Later on last fall, I laid out peony (Shirley Temple, Sarah Bernhardt, and Karl Rosenfield), allium (giant Schuberti, Ivory Queen, and tiny caeruleum) and tulip (casa grande). I didn’t get pictures of it all, but I was glad to see the bulbs come up nicely in succession through early spring. The peony also all emerged and look great, still growing well into the summer months. Here’s a WIP photo with my peony roots laid out for planting down the right side of the bed:

In mid-spring this year, we added Roses (blushing knock out, Lichfield Angel, and coral drift), hidecote lavender, two asters, and another lavender moved from the backyard (originally from our last house). I also planted a catmint that is so far looking like it needs more sun and two Gerber daisies that I’ll want to move eventually since the colors don’t really fit in. Some more photos for now,

Always a good sign of soil health when you have mushrooms popping up in July 🍄

Flying insect hang out spot (video)

Something about the combination of these plants has made this picket a hot spot for flying insects, especially at a time in summer when many other flowers have dried up.

Finding the value in the trees of Creighton Court

As a part of my last job, I regularly drove through the neighborhood of Creighton Court to make deliveries. This is the second job that has brought me through this part of Richmond and for all these years I’ve been amazed by the huge, hardwood trees.

Looking north on Creighton from 9 mile
Looking north on 9 mile to I-64
Looking south on 29th

There are many articles already about why the redevelopment process is problematic in many ways and I support those efforts. What I want to add to the conversation now is an awareness of the existing trees and reasons to preserve them for whatever comes next. When I saw the plans for Creighton, I was disappointed to see that most of the trees on the design have been listed as uniform dots rather than left as the existing trees like you see along 9 Mile Rd. in the design below.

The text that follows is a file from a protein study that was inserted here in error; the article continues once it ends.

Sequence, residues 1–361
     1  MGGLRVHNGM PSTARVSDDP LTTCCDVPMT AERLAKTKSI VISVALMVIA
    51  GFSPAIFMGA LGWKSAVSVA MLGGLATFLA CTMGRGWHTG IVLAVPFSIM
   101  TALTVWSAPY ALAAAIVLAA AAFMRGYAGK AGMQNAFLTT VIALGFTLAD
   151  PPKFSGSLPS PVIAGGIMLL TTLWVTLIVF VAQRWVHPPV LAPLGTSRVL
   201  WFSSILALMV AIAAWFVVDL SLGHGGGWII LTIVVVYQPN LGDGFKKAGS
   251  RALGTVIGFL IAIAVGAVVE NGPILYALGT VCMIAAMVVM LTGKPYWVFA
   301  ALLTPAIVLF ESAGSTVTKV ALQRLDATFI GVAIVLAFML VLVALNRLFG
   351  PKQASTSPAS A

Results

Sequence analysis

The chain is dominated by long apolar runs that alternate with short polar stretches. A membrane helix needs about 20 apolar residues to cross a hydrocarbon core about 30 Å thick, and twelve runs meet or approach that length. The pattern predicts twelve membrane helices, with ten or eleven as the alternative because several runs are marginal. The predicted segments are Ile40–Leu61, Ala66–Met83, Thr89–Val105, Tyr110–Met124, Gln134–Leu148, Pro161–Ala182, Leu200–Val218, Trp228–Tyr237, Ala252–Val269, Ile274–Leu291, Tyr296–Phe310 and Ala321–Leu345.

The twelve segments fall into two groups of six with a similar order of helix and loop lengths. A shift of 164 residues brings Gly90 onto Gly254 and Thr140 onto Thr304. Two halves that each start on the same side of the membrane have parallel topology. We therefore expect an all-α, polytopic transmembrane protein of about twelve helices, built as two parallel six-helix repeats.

To be fair, the drawing doesn’t say explicitly that the trees will be torn down, but I’ve learned from experience not to trust Richmond to preserve them.

I used to live near the former Ethel Bailey Furman park in Church Hill. It was mostly an open field for dogs to run, pick-up baseball, ultimate frisbee, bike polo, and block parties. Around the perimeter of the park we’re around a dozen old, hardwood trees. When the city decided to build a school on the park property, the A&E firm they hired just erased them. I came home one day to a massive pile of roots and branches that had all been still in the ground when I left that morning. Here are some before photos: